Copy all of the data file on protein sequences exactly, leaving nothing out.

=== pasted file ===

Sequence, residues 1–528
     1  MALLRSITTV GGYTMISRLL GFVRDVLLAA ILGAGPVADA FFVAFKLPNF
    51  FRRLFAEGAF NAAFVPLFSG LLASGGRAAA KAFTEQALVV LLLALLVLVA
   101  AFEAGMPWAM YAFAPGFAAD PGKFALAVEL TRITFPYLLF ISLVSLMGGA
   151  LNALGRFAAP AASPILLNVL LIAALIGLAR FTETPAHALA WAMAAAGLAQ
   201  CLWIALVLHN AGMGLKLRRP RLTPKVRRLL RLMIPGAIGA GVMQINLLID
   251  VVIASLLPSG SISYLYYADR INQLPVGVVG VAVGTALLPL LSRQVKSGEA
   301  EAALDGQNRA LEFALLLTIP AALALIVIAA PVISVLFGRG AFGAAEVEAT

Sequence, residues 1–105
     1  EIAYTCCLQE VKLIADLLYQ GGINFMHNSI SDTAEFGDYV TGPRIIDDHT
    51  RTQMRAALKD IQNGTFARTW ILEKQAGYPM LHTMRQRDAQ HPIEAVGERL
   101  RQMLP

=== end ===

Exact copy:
Sequence, residues 1–528
     1  MALLRSITTV GGYTMISRLL GFVRDVLLAA ILGAGPVADA FFVAFKLPNF
    51  FRRLFAEGAF NAAFVPLFSG LLASGGRAAA KAFTEQALVV LLLALLVLVA
   101  AFEAGMPWAM YAFAPGFAAD PGKFALAVEL TRITFPYLLF ISLVSLMGGA
   151  LNALGRFAAP AASPILLNVL LIAALIGLAR FTETPAHALA WAMAAAGLAQ
   201  CLWIALVLHN AGMGLKLRRP RLTPKVRRLL RLMIPGAIGA GVMQINLLID
   251  VVIASLLPSG SISYLYYADR INQLPVGVVG VAVGTALLPL LSRQVKSGEA
   301  EAALDGQNRA LEFALLLTIP AALALIVIAA PVISVLFGRG AFGAAEVEAT

Sequence, residues 1–105
     1  EIAYTCCLQE VKLIADLLYQ GGINFMHNSI SDTAEFGDYV TGPRIIDDHT
    51  RTQMRAALKD IQNGTFARTW ILEKQAGYPM LHTMRQRDAQ HPIEAVGERL
   101  RQMLP